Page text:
Another voice from the Vatican concerning the Palestinians
Archbishop Pietro Sambi, who served as the Vatican ambassador and Papal Nuncio in Jerusalem from 1998 until 2006, died four years ago.
In the wake of current developments between the Holy See and the Palestinian Authority, it would be instructive to review the writings of Archbishop Pietro Sambi, of blessed memory. His advice to the Church concerning the reality of the Palestinian Authority, especially PA education, should be studied.
Had Archbishop Sambi, still been alive today, he would have expressed another view of the current pope’s blessing of Machmud Abbas that he might be an “angel of peace.”
I knew the Archbishop, because he opened his office at the Mount of Olives to dialogue. Jack Padwa, who also died four years ago, who served as the honorary head of the ADL in Israel, introduced me to the Archbishop.
We held years of productive dialogue, meeting every few weeks, in an informal manner, in his chambers.
Archbishop Pietro Sambi was open to reviewing information that came to his attention and was not afraid to take a stand, which made him enemies in some circles.
In August 2000, our agency purchased the new Palestinian Authority school books from the Palestinian Authority Ministry of Education. This was the first time that the PA issued their own school books.
Archbishop Sambi asked to see the new PA school books. In his words, “the pope wants to see them.” The Papal Nuncio remarked that ever since Pope John Paul’s visit to the Palestinian Authority in March 2000, he had wanted to see what the Palestinian children were learning. What concerned the pope were the cries of virulent hatred of Jews that he heard when he visited an UNRWA school in Deheshe, near Bethlehem. The Papal Nuncio said that Pope John Paul II was concerned about anti-Semitic hatred in the nascent PA schools, especially since the pope had served as a cleric in Poland during the Nazi conquest in the 1940s and knew the consequences of anti-Semtic education.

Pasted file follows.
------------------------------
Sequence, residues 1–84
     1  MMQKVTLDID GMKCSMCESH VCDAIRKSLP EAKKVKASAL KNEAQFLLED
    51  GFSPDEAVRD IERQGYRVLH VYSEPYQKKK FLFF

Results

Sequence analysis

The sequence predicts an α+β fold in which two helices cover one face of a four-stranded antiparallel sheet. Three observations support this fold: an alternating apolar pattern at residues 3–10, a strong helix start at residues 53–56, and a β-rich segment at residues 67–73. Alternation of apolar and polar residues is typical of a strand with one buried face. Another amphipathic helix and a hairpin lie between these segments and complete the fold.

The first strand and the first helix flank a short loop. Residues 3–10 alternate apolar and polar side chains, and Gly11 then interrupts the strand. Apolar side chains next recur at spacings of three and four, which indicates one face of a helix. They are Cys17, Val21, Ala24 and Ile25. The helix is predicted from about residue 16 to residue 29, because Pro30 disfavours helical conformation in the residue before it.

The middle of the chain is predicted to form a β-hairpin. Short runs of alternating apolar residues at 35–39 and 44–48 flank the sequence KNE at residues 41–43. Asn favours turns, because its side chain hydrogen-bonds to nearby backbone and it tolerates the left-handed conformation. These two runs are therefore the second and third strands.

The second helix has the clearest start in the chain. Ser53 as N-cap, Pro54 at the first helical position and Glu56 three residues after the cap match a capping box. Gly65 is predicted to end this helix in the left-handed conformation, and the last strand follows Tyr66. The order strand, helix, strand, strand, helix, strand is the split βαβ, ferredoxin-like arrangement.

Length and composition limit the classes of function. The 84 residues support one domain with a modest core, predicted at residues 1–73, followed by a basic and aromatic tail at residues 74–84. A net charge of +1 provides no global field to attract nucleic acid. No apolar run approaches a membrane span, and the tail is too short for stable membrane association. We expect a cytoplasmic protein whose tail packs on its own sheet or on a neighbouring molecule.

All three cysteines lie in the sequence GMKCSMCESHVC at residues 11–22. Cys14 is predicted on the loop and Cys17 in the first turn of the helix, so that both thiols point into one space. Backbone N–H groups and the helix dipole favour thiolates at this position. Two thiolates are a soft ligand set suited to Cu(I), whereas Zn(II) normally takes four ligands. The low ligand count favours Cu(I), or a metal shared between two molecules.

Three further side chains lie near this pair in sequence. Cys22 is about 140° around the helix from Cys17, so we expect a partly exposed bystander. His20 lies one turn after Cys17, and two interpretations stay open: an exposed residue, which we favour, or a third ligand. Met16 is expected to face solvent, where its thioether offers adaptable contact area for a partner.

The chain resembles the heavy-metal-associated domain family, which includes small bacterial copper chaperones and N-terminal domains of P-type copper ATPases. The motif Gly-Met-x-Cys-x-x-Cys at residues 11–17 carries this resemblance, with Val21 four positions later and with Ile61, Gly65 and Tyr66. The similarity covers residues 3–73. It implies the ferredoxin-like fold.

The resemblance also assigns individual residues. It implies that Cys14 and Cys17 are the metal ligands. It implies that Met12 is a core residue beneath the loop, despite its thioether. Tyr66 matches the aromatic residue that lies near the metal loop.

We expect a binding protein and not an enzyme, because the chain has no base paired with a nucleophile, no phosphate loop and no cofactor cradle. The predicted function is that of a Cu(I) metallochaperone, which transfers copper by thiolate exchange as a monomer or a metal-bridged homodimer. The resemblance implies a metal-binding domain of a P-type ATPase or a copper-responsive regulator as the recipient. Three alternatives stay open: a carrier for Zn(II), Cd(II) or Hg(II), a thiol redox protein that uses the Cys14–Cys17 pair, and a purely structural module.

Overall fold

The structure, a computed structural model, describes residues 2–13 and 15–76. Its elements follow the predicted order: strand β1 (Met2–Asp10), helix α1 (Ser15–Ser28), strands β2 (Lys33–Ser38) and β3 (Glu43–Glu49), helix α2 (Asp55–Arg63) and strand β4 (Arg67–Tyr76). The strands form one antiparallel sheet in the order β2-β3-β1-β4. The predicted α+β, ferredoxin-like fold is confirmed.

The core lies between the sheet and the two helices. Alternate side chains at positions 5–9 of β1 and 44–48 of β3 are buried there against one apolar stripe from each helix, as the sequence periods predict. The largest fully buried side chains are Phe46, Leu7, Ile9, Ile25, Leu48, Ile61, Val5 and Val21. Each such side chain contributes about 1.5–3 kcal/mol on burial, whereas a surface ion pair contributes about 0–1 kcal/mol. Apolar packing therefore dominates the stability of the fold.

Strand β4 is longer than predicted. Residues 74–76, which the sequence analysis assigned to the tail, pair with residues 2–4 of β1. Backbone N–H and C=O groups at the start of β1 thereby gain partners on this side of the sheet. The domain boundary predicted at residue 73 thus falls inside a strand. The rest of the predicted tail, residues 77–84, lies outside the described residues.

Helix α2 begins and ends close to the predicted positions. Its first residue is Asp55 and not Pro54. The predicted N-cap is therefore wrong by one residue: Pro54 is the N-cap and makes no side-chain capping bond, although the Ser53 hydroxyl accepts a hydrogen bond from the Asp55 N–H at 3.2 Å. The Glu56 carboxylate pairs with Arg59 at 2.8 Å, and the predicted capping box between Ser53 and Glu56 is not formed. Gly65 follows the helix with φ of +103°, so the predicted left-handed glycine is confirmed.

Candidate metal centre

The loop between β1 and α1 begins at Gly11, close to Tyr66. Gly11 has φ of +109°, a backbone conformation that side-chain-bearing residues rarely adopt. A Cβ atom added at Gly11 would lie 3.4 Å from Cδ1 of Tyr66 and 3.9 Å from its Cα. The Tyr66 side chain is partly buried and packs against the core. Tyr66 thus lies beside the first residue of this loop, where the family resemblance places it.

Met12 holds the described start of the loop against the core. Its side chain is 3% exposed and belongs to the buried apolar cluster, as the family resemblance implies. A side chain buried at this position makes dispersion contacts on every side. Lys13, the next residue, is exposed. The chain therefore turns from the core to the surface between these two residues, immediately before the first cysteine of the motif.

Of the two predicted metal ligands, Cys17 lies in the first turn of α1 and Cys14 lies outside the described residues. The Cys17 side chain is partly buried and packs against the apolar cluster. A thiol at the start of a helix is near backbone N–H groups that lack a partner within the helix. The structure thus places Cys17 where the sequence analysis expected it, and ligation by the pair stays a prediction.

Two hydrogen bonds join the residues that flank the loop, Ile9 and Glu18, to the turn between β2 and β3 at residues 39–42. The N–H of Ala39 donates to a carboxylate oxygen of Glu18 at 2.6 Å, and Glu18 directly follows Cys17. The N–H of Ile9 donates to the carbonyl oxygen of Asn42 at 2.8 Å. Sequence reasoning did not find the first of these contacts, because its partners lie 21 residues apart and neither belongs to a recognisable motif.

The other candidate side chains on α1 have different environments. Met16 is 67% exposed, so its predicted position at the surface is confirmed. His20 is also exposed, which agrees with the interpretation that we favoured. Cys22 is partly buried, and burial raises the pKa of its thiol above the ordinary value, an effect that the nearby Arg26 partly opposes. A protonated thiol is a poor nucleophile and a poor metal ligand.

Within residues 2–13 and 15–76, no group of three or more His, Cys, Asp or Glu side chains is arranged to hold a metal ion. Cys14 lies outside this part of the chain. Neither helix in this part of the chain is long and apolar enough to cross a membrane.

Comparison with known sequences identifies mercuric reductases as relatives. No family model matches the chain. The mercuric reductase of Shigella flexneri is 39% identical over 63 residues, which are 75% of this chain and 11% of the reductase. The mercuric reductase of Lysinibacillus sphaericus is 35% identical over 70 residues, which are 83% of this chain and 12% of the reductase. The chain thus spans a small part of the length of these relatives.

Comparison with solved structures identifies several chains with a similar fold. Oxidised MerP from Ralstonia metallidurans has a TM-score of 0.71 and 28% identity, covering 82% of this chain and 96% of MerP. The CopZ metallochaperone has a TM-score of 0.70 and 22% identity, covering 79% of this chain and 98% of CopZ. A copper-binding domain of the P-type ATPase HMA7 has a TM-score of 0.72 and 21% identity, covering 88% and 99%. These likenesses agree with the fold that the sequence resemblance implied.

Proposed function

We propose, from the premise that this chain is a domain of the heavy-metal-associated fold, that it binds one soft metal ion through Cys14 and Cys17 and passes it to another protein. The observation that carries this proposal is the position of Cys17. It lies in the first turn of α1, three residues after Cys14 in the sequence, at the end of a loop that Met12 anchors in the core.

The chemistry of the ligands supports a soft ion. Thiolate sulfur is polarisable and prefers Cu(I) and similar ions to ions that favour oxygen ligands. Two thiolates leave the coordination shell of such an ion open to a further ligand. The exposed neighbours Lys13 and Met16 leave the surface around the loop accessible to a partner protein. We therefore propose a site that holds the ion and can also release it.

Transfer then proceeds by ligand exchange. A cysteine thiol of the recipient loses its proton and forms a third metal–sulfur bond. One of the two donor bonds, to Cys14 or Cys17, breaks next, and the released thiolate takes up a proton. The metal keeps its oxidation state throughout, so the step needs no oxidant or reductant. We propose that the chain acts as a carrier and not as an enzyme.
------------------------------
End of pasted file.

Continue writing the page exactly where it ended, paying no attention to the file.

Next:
Archbishop Sambi, who knew Arabic, reviewed the new PA books, and determined that that this curriculum was a “new tool of indoctrination against the Jews.” He pointed to lessons where Palestinian children learned about taking up arms against the Jews, and new books where children learned to revere those who murder Jews.
Archbishop Sambi brought the new Palestinian school books with him to Rome, and initiated a study of the PA textbooks. The Vatican commissioned a study of the new Palestinian school books and determined that they were anti-Semitic and pro-war in nature. At the recommendation of the Vatican, the Italian government pulled its money out of the Palestinian Ministry of Education’s PA textbook project.
This was not the only time that Archbishop Sambi challenged the PA.
Throughout his term in office, Archbishop Sambi gave continuing lectures in which he spoke out against official anti-Semitism from the PA media and PA mosques, and expressed his displeasure with Arafat and then with Abbas.
In 2003, when Archbishop Sambi addressed an American congressional delegation, which he excoriated for U.S. AID funding a proposed Palestinian State constitution, which the archbishop said would “create a Sharia law system modeled on Saudi Arabia which would deny juridical status to any religion except for Islam, Palestine,” which he viewed as an “outrage.”
Archbishop Sambi also made his voice heard to help save the lives of Palestinian dissidents who were sentenced to death because they dared to criticize Arafat and Abbas.
However, it is vital to mention that the Papal Nuncio would often emphasize that Islam should not be understood in a monolithic manner.
He related that when he was posted in South Asia, as Papal Nuncio in Indonesia and in Bangladesh, that he observed that the Sharia Law practiced in those nations respected other religions, and that both Morocco and Tunisia had adopted forms of Sharia law that also recognized the legal status of other religions.
Archbishop Sambi always said that his problem was with the Wahabi form of Sharia law, as practiced in Saudi Arabia and as practiced in the nascent Palestinian Authority.
In terms of Saudi-Vatican relations, Archbishop Sambi was not optimistic. He described negotiations between the Saudis and the Vatican which were supposed to conclude with the construction of a major church in Saudi Arabia, and a major mosque in Rome. With a twinkle in his eye, the archbishop discussed the actual result of these negotiations. The mosque in Rome was constructed. The church in Saudi Arabia was never built.